• The United States Owes Haiti a Debt it Can't Repay

    by Annette Gordon-Reed

    The Haitian Revolution set in motion events that transformed France, North America, and the Caribbean, but conflicts were invariably resolved at the expense of independent Haiti. 

  • Her Family Owned Slaves. How Can She Make Amends?

    "For almost three years now, with the fervor of the newly converted, Ms. Marshall has been on a quest that from the outside may seem quixotic and even naïve. She is diving into her family’s past and trying to chip away at racism in the Deep South, where every white family with roots here benefited from slavery and almost every Black family had enslaved ancestors."

  • Looking for Nat Turner

    Christopher Tomlins' new book takes seriously the apocalyptic Christianity of Nat Turner, viewing it not as a metaphor for liberation but a key part of how Turner understood freedom. 

  • The Statue of Chief Justice Taney Never Belonged in the Capitol

    by Corey M. Brooks

    “If a man,” famed Massachusetts radical Charles Sumner asserted, “has done evil during his life he must not be complimented in marble.” Instead Sumner demanded “the name of Taney … be hooted down the page of history.”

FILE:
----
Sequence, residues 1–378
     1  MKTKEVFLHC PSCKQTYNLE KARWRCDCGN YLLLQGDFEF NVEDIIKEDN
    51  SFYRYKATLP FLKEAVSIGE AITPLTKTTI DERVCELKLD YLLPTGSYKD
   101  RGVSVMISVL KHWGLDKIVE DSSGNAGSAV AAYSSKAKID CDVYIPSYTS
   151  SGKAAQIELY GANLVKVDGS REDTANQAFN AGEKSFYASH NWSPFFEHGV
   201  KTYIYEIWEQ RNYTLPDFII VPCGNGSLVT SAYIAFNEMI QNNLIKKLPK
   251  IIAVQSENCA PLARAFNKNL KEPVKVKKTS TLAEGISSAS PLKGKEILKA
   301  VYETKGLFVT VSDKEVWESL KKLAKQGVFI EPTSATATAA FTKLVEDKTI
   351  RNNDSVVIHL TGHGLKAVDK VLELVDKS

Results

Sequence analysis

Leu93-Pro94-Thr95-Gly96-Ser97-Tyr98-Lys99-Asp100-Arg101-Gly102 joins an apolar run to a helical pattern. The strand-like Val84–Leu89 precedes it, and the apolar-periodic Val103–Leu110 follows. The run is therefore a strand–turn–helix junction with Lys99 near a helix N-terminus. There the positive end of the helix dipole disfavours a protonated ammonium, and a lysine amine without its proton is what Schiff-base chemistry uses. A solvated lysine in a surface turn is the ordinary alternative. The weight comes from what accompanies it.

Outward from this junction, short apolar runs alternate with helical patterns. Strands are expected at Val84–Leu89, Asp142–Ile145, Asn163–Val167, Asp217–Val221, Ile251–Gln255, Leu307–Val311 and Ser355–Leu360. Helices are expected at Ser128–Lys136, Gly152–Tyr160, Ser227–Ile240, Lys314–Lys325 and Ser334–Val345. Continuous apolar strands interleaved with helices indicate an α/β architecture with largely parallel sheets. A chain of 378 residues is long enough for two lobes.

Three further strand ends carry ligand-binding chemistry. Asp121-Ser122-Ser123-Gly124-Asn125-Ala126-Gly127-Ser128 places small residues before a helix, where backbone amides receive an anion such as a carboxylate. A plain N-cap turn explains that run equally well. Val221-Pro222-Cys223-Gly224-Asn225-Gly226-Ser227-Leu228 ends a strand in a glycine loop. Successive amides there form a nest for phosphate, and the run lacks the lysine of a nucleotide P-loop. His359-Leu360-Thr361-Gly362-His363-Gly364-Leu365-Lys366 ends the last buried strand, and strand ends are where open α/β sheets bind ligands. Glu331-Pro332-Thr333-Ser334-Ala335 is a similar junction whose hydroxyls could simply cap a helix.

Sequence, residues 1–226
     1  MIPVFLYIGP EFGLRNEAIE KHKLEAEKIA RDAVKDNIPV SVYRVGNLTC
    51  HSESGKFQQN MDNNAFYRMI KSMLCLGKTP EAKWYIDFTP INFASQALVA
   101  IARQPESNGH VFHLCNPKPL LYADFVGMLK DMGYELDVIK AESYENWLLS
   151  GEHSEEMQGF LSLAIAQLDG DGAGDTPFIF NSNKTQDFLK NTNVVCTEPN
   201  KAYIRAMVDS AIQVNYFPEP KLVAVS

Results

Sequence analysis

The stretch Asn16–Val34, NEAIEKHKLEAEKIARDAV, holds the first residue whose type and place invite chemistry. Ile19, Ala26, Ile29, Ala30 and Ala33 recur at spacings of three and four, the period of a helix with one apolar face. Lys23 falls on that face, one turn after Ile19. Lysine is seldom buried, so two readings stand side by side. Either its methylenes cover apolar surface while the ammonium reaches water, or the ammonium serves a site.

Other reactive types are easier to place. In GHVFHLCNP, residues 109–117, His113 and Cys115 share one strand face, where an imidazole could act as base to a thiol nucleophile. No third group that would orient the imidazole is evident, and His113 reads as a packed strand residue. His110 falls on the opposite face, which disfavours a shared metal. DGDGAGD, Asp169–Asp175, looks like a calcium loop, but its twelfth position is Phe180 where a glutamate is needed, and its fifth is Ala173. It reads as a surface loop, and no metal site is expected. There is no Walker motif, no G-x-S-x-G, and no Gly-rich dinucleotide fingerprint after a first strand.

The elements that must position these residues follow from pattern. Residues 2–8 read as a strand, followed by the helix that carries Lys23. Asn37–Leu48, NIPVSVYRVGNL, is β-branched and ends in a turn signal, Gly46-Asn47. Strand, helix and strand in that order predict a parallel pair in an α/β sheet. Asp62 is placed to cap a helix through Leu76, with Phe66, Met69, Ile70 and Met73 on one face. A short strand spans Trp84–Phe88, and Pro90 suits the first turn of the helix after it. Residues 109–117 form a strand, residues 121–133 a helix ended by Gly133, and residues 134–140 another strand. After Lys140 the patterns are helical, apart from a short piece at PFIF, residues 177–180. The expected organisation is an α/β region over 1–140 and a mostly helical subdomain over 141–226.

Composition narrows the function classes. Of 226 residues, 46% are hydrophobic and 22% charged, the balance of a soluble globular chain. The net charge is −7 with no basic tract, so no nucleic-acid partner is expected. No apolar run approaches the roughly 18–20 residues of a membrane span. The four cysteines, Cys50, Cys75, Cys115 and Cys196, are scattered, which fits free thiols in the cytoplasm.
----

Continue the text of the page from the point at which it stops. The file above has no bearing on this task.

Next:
• The Importance of Teaching Dred Scott

    A social media discussion among constitutional law professors has proposed minimizing the discussion of the racist language of the notorious Dred Scott decision. Does this do violence to historical understanding of the longstanding accommodation of the constitution to racism? 

  • Johns Hopkins Enslaved People. Or Did He?

    As a university-sponsored report comes under fire, historians debate the evidence for the claim that Johns Hopkins owned slaves, and some question whether one university's relationship to slavery is an important research question at all. 

  • Just Who Was Rebelling in Nat Turner's Rebellion?

    University of Kentucky Historian Vanessa Holden will discuss her new community-oriented history of the rebellion of the enslaved in Southampton, Virginia in an online forum on Thursday, arguing that women and children were essential in planning and executing the rebellion associated with Nat Turner.

  • Retaining Its Name

    Despite a protest movement by students and other stakeholders, Washington and Lee University's institutional changes in response to its legacy of slavery and ties to the Confederacy will not include rejecting Robert E. Lee's name.